This story was originally published here.
“Screen time” wasn’t typically an option in my house when I was kid. We had a television, of course, but we just couldn’t turn it on very often.
In fact, whenever my dad would catch me trying to sneak in some Saturday morning cartoons, he’d whisk me out into the yard and put me to work. Within seconds, I’d find myself with a shovel, saw or pipe wrench in my hands.
I didn’t live a life of deprivation, though. I never missed an episode of Gilligan’s Island, Get Smart or The Wild Wild West.
Back in those days, the living room TV was the only screen in the house. No PCs, laptops, tablets or smartphones.
Screen Time Growing
“Screen time” now is no longer just an occasional mode of entertainment. It is a lifestyle.
Today’s kids — and most adults — leap from one screened device to the next, like a frog jumping across lily pads. Being without a device is simply not an option.
Americans spend an average of 6.3 hours per day interacting with digital media, which is more than double the hours they spent on screens 10 years ago.Source: Charts by InvestorPlace
A growing number of adults report being online “almost constantly.” And as anyone who lives in a home with teenagers can attest, “almost constantly” seems to be the norm of the under-20 crowd … especially now that the novel coronavirus has shut down schools, summer camps, travel and most other “offline” activities.
Thanks to these shutdowns, U.S. kids ages 6-12 are spending 50% to 60% more time in front of screens daily. Moreover, due to school going online, our young ones are increasing their visits to kid-focused apps and digital services by nearly 70%. That’s according to data from SuperAwesome, a children’s technology company.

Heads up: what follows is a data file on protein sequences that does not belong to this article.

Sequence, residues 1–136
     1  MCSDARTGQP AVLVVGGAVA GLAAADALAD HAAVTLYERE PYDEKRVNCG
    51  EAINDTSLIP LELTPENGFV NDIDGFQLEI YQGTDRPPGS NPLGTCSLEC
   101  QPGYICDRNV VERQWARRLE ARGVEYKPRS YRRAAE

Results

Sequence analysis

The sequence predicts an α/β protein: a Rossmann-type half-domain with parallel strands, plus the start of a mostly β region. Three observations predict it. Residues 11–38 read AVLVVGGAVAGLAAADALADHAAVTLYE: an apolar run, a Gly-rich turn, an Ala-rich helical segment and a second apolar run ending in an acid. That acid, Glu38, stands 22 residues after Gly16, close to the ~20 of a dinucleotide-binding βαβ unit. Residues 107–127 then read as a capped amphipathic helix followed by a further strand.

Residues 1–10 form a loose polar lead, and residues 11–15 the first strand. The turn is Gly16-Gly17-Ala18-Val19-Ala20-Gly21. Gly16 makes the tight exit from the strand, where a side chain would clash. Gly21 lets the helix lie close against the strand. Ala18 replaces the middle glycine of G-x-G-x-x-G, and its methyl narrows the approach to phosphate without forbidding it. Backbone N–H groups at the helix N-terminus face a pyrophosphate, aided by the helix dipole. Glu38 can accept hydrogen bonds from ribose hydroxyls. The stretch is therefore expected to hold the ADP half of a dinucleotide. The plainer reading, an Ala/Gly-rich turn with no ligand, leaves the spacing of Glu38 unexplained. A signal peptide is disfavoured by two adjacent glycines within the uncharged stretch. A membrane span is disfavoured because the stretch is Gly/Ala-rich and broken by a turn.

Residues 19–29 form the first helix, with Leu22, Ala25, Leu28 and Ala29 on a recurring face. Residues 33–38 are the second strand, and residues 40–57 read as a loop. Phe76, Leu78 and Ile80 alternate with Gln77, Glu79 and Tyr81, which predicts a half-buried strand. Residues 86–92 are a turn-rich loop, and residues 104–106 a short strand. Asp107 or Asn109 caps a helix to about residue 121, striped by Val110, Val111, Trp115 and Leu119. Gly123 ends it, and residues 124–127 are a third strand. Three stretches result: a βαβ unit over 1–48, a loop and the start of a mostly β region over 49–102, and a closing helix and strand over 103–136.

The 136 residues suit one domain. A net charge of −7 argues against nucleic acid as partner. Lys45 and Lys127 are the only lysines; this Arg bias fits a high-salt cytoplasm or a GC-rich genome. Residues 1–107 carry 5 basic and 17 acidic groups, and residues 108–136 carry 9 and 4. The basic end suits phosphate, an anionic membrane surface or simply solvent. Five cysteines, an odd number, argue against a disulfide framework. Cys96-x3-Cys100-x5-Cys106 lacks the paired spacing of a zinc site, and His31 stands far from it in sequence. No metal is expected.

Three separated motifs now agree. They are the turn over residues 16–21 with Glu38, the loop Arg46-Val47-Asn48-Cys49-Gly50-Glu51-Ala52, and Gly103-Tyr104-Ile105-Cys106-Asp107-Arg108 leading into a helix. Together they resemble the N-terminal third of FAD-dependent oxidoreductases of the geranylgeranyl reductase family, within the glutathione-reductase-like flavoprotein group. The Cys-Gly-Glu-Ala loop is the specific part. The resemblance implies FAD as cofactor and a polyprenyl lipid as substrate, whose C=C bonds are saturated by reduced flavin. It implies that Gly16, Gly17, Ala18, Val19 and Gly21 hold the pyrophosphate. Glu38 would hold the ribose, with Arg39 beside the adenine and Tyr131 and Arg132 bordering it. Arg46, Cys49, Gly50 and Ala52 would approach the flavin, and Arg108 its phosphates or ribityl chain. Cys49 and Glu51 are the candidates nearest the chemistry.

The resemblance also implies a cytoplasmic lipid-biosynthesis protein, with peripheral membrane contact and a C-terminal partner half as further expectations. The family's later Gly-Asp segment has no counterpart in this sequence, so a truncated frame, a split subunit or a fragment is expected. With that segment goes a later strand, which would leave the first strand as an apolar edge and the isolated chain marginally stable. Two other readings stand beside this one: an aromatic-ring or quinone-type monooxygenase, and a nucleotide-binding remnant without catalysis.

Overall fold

“Overall, kids are effectively going to be spending 2.5 to 3 times more hours of day in front of a digital screen than they historically would have,” Dylan Collins, CEO of SuperAwesome, said.
Only time will tell if the modern screen-time surge produces unhealthy consequences. Staring at a screen for hours a day doesn’t seem particularly healthy, but I’m no expert.
So I’ll leave that assessment to the researchers and scientists.
What I do concern myself with here is the profit component.
We remain a nation of couch potatoes, but the objects of our screen-time affection are changing all the time.
That means the flows of money from our pockets into screen-time companies changes frequently, too.
So today, let’s talk about one place where the newest waves of capital are crashing … video games.
And about some of my favorite trades in that space…
Editor's Note: Click here to keep reading.
Electric cars are taking over
A new type of battery is pushing everything we thought we knew about energy storage to the limits.
According to automotive insiders, consumers will soon be able to go 1,000 miles on a single charge.
Think about that for a moment…
That’s nearly TRIPLE the distance of the best-performing electric cars on the market right now — and more than 8 TIMES farther than the average electric car…
In short, this tech is about to change EVERYTHING.
Here’s the best part:
At the heart of this new technology is one company — 1/1,000th the size of GM.
If you want to get in on the electric car revolution, this is easily the best way to do it.
Click here to see the full story.
Senior Investment Strategist, InvestorPlace